The Student Success Act (HR 5), introduced by Rep. John Kline (R-MN) and Rep. Todd Rokita (R-IN), passed the House Education Committee and is scheduled for a vote this Tuesday before the U.S. House of Representatives. The bill would reauthorize the Elementary and Secondary Education Act, which the authors claim will undo the damage of No Child Left Behind and chart a new course that restores freedom to states and local schools and reduces the footprint of the federal government in state education policy.
Really? There seems to be a complete disconnect between what the authors say it will do and what it legally does, which is systematically dismantle both the reserved right of states to govern education and parents’ constitutional, inalienable right to lead in their child’s education.
On page 552, Subpart 4, section 6561 of HR 5, it states that the Secretary of Education can’t enforce any requirements under the program that would violate states’ rights unless the state legislature gives its consent to participate in the Elementary and Secondary Education Act, which encompasses around $25 BILLION dollars in aid to states. Essentially, participating in the program to receive funds requires states to waive their state’s rights and those of the parent over their child if they conflict with ANY requirements of the program.
[The US Department of Education may not violate states’ rights] unless the legislature of that State shall have by law expressly approved that program and, in doing so, have waived the State’s rights and authorities to act inconsistently with any requirement that might be imposed by the Secretary as a condition of receiving that assistance.
The state will not be able to act inconsistently with ANY requirement that the Secretary of Education MAY impose through this program if they want to receive funding. Geez, I thought the NCLB waivers and Race to the Top grants were coercive!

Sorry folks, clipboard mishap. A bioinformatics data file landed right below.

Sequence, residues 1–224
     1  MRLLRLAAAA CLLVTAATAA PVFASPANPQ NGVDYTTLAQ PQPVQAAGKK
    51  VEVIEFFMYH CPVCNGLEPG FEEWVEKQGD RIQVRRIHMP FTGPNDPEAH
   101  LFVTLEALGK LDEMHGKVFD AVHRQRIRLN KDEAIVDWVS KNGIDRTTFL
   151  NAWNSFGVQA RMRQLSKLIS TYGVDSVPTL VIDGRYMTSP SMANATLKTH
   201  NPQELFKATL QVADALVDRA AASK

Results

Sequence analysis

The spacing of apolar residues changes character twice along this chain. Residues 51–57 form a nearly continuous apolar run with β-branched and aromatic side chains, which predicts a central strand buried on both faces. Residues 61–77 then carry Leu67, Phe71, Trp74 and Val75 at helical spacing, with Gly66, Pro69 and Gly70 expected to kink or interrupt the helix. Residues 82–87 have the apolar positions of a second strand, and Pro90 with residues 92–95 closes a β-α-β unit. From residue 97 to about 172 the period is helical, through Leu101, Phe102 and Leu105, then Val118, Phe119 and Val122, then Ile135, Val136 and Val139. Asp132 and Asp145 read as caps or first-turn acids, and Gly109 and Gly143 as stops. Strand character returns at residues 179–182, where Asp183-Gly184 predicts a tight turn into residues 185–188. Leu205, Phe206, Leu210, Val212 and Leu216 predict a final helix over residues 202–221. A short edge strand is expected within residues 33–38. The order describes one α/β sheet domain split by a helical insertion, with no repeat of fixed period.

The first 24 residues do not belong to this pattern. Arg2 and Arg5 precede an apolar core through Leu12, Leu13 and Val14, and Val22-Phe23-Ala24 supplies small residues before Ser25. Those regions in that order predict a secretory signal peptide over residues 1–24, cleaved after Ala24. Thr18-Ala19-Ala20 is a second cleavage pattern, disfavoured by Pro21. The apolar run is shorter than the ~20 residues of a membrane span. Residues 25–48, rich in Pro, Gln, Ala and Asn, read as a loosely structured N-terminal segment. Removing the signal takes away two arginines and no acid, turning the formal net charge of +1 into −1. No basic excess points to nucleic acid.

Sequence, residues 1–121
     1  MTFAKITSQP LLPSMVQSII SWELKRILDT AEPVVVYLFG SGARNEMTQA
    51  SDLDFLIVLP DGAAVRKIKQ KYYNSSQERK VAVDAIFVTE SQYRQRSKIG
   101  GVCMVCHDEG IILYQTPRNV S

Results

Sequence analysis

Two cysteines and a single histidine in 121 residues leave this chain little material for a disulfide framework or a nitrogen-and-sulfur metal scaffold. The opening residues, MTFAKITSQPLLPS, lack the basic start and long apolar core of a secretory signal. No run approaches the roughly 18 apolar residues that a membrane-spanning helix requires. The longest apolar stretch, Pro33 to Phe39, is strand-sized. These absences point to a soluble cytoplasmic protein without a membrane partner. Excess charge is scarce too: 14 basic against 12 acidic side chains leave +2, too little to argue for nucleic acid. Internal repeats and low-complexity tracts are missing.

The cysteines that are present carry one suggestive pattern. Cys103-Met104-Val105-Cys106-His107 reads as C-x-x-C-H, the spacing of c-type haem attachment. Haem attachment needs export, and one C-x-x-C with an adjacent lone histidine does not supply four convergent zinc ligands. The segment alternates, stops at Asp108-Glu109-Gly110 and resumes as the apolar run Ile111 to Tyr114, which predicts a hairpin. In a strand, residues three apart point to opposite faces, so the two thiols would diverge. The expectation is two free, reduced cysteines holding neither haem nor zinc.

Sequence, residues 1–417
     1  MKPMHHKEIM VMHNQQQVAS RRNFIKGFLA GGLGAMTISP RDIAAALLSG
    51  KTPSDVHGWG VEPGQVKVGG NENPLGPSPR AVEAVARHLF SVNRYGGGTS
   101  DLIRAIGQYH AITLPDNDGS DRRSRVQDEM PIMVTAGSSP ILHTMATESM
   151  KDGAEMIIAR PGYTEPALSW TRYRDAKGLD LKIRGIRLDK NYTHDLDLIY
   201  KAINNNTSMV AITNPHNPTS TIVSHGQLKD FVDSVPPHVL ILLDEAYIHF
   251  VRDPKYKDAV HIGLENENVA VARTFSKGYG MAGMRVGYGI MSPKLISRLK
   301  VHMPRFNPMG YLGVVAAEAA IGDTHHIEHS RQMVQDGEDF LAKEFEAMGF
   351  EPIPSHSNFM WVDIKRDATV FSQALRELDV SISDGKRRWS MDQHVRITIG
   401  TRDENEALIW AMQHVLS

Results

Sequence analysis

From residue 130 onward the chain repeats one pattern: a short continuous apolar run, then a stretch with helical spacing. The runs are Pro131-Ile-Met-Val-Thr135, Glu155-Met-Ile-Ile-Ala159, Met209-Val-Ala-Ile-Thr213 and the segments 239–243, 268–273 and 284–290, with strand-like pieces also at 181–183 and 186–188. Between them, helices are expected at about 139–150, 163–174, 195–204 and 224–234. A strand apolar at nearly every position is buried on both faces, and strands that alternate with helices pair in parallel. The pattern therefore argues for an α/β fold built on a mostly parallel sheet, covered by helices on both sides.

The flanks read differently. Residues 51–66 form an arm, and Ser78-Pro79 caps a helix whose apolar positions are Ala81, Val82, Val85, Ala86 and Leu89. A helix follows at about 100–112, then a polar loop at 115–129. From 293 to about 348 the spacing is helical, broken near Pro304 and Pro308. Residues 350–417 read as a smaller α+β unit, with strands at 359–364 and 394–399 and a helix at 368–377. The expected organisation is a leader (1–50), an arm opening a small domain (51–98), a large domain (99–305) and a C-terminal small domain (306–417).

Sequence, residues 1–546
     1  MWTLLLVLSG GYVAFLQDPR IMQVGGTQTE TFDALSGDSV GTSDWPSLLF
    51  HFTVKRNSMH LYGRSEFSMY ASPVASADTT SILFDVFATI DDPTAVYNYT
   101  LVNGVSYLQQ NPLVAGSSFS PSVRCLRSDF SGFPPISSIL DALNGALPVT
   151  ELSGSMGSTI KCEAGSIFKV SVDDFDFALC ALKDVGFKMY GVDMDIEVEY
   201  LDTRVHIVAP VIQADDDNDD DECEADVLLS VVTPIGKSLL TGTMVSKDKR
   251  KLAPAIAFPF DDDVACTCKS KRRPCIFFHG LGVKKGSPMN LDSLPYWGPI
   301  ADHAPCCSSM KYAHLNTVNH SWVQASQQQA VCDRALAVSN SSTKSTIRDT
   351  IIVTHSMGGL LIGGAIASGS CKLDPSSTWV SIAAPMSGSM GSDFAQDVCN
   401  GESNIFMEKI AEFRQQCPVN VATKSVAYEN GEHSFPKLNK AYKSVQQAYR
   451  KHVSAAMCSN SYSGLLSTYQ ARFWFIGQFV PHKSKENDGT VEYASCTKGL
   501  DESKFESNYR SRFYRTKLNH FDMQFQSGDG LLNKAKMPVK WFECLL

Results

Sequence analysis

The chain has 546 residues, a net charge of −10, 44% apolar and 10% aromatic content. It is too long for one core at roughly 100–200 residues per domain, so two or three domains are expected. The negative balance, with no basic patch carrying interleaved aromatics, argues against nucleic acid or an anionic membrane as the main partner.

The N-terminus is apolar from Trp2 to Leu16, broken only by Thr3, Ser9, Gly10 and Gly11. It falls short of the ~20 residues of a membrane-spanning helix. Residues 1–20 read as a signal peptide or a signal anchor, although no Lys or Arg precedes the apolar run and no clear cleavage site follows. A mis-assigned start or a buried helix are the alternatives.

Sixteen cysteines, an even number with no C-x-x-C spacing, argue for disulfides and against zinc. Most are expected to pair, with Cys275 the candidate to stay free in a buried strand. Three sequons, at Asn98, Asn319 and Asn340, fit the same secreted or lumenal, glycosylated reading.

Legislative approval of the program and the loss of your state and parental rights can be accomplished through a simple vote to include federal funds under the program into the state budget.
This approval may be accomplished by a vote to affirm a State budget that includes the use of such Federal funds……….. by approving the budget, the State legislature is expressly approving the grant program and, in doing so, waiving the State’s rights and authorities to act inconsistently with any requirement that might be imposed by the Secretary as a condition of receiving that assistance.
This is sneaky. They want states to be able to pass this without any fanfare, as part of the budget, much the way Common Core was adopted- under the radar. But don’t worry, after the bill details how your state’s right over education will be violated, they include a meaningless assurance in section 6564 (page 555) that the “Intent of Congress” is only to revoke the rights waived by participation in the program, “state control over public education and parental rights to control the education of their children are vested exclusively within the autonomous zone of independent authority reserved to the States and individual Americans by the United States Constitution.”
Gosh, thanks, guys! It’s so reassuring that you had the “sense” to let me keep any constitutional and inalienable rights over parental control that you didn’t illegally revoke by tying them to the receipt of ESEA program funding.
Call Todd Rokita and tell him we will NOT stand by while he and the Congress violate our parental and state rights. Tell him to kill the HR 5- it’s anything BUT a Student Success Act.
There’s more to the Act that needs to be opposed, I only touched on the most glaring points. Anita Hoge of Pennsylvania has tons more to share on the above interview.